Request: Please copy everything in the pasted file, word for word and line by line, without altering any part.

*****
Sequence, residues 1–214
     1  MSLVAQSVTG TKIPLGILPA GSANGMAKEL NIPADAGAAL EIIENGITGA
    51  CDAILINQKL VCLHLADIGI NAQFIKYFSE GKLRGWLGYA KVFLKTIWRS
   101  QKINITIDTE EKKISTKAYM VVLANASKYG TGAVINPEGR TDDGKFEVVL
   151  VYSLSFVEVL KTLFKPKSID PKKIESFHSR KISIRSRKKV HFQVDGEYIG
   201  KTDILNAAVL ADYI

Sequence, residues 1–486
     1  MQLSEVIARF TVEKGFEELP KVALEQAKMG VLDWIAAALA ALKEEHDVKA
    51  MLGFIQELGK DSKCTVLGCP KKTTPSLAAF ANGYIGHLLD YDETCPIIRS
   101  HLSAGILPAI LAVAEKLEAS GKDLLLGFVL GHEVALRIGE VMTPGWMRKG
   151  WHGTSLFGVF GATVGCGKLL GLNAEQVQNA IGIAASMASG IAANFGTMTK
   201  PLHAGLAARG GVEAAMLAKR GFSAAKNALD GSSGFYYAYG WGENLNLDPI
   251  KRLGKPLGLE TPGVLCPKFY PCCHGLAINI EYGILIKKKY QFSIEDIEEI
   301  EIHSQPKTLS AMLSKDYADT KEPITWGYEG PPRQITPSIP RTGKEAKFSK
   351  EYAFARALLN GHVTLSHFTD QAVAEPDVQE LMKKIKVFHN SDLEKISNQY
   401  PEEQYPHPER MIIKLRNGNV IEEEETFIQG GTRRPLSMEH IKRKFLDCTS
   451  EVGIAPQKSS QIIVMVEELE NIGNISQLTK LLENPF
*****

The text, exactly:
Sequence, residues 1–214
     1  MSLVAQSVTG TKIPLGILPA GSANGMAKEL NIPADAGAAL EIIENGITGA
    51  CDAILINQKL VCLHLADIGI NAQFIKYFSE GKLRGWLGYA KVFLKTIWRS
   101  QKINITIDTE EKKISTKAYM VVLANASKYG TGAVINPEGR TDDGKFEVVL
   151  VYSLSFVEVL KTLFKPKSID PKKIESFHSR KISIRSRKKV HFQVDGEYIG
   201  KTDILNAAVL ADYI

Sequence, residues 1–486
     1  MQLSEVIARF TVEKGFEELP KVALEQAKMG VLDWIAAALA ALKEEHDVKA
    51  MLGFIQELGK DSKCTVLGCP KKTTPSLAAF ANGYIGHLLD YDETCPIIRS
   101  HLSAGILPAI LAVAEKLEAS GKDLLLGFVL GHEVALRIGE VMTPGWMRKG
   151  WHGTSLFGVF GATVGCGKLL GLNAEQVQNA IGIAASMASG IAANFGTMTK
   201  PLHAGLAARG GVEAAMLAKR GFSAAKNALD GSSGFYYAYG WGENLNLDPI
   251  KRLGKPLGLE TPGVLCPKFY PCCHGLAINI EYGILIKKKY QFSIEDIEEI
   301  EIHSQPKTLS AMLSKDYADT KEPITWGYEG PPRQITPSIP RTGKEAKFSK
   351  EYAFARALLN GHVTLSHFTD QAVAEPDVQE LMKKIKVFHN SDLEKISNQY
   401  PEEQYPHPER MIIKLRNGNV IEEEETFIQG GTRRPLSMEH IKRKFLDCTS
   451  EVGIAPQKSS QIIVMVEELE NIGNISQLTK LLENPF